France has been criticised by northwest African countries for cutting the number of visas available to citizens from Algeria, Morocco and Tunisia.
France is facing backlash from northwest Africa for cutting the number of visas available to the Maghreb countries.
Government spokesperson Gabriel Attal said the decision was made because regional governments had refused to take back illegal migrants.
The move followed up a pledge on France's immigration policies, less than seven months before the presidential election.
Attal said that the granting of visas will be tightened for nationals of Morocco, Algeria, and Tunisia in the coming weeks.
"It is a drastic decision, an unprecedented decision, but it is a decision made necessary by the fact that these countries do not accept to take back nationals that we do not want and cannot keep in France," he told Europe1.
Attal confirmed that there would be a 50% drop in the number of visas issued for Moroccan and Algerian nationals and 33% for those from Tunisia.
The move has been welcomed by many right-leaning politicians in France amid fresh debate on immigration ahead of the 2022 election.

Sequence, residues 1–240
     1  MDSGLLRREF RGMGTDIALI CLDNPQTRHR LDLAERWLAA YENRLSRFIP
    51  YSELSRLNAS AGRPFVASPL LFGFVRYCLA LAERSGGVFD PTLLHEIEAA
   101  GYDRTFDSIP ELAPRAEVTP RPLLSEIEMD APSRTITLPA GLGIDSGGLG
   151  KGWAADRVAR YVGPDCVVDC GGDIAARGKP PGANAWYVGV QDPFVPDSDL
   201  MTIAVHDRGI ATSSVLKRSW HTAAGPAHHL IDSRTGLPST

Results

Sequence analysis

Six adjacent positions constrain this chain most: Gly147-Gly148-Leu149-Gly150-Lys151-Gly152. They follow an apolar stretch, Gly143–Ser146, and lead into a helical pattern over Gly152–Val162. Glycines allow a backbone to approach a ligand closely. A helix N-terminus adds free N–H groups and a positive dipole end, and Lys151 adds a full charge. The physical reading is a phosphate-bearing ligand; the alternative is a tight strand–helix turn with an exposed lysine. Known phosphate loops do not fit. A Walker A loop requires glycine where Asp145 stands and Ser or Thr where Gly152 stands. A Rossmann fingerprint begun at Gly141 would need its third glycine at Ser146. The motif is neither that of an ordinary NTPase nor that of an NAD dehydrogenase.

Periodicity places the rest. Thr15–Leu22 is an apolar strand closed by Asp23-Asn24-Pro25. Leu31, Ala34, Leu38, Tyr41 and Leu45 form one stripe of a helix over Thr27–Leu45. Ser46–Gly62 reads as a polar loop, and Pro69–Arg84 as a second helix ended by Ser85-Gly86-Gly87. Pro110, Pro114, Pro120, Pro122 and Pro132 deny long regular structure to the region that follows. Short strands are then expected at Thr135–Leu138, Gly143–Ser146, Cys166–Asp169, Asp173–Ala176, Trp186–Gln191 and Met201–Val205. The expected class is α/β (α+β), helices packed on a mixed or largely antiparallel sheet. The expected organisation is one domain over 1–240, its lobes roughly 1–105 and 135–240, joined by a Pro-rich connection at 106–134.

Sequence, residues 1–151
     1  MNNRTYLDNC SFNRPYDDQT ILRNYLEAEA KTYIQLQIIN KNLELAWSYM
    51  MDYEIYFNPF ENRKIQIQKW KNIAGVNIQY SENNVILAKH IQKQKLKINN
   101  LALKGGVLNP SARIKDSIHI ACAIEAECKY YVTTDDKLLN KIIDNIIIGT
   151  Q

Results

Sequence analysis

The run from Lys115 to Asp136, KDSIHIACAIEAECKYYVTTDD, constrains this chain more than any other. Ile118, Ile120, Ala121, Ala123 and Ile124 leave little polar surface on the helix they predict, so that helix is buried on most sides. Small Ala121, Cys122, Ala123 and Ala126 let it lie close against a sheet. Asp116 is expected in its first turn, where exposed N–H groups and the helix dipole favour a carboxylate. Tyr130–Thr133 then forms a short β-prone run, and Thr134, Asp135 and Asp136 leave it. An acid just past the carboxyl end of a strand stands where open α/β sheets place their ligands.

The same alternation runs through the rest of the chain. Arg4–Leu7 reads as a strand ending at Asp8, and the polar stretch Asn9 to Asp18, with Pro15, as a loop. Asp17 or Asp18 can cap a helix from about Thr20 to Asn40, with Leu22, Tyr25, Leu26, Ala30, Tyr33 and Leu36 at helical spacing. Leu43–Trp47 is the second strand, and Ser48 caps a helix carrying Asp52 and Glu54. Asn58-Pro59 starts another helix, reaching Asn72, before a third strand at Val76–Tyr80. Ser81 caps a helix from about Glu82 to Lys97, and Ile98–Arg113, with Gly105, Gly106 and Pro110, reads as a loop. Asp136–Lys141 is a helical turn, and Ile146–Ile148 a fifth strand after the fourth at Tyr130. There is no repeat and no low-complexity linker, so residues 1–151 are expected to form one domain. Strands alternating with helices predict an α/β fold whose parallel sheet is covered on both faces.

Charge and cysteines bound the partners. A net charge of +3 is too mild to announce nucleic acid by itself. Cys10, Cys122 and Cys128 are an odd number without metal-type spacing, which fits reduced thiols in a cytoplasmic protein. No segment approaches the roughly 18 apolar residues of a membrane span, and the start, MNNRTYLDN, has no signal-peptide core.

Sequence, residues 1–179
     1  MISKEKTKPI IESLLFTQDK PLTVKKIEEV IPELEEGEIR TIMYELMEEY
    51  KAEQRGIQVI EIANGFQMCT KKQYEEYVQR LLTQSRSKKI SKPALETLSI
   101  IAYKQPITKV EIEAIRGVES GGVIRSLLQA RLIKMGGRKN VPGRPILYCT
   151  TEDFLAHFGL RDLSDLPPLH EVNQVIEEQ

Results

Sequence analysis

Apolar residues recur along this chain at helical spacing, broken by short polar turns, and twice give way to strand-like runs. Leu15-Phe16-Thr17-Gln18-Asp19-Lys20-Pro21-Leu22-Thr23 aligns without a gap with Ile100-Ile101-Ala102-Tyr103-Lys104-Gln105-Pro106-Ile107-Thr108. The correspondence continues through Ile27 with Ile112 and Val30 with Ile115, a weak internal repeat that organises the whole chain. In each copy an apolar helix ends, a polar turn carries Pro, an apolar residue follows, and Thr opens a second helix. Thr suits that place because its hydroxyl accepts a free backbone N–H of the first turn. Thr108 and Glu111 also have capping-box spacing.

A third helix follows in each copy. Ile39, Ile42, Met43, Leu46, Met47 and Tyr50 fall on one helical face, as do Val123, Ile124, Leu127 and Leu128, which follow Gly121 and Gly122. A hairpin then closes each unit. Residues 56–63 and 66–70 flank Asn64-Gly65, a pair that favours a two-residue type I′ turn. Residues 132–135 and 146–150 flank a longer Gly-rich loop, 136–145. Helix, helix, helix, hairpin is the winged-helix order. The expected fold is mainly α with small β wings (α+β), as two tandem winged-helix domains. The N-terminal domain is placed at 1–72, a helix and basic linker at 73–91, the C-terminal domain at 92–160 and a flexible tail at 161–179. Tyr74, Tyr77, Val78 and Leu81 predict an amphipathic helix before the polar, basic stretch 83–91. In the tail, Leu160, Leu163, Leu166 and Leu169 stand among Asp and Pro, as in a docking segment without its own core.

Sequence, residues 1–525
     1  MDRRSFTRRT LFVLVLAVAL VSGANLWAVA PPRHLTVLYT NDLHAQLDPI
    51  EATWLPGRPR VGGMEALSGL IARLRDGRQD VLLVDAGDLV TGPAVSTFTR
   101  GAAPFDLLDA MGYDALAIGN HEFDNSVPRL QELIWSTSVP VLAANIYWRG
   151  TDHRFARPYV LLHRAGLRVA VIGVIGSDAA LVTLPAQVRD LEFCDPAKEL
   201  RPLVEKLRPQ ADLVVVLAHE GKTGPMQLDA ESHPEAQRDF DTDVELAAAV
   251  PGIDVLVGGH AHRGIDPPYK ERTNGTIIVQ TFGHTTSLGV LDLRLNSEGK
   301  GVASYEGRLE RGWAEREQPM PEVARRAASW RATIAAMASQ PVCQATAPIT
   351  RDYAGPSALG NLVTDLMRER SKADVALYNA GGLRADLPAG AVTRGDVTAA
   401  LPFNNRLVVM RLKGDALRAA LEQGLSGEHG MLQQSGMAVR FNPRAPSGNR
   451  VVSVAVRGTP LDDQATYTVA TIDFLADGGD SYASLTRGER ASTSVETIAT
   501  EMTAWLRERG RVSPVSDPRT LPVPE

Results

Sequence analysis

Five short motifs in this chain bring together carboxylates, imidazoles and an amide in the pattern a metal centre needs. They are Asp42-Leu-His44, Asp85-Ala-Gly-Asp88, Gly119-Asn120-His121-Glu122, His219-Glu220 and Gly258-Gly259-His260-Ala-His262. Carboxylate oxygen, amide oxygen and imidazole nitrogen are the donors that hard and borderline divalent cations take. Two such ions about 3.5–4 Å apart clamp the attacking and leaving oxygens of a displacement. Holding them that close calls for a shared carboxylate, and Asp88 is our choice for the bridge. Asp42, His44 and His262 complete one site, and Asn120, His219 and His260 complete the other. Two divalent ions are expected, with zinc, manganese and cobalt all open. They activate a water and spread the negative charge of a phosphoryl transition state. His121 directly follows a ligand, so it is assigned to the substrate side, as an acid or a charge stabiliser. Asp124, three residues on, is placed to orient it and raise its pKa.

But the Moroccan foreign minister Nasser Bourita has deplored the decision, calling it "unjustified".
"Morocco has always managed the migration issue and the flow of people, with a logic of responsibility and balance between facilitating the movement of people ... and the fight against illegal migration," Bourita said.
"This decision is sovereign ... the reasons that justify it require precision, a dialogue, because they do not reflect reality," he added.
On Wednesday, Algeria also summoned the country's French ambassador over the matter.
But the French government had said they had failed to negotiate on the matter of migration with the Maghreb countries.
"There was a dialogue, then there were threats. Today we are carrying out this threat," Attal said.
The announcement comes amid rising tensions between France and northwest Africa in recent months.
The Paris prosecutor’s office said it was investigating the suspected widespread use of NSO's Pegasus spyware to eavesdrop on the French president Emmanuel Macron.
Morocco’s government has denied reports that their security forces may have been involved in the incident.
Meanwhile, Macron has apologised to the Harkis, Muslim Algerian soldiers who fought alongside French colonial forces in Algeria's war for independence and were then massacred and ostracised as traitors.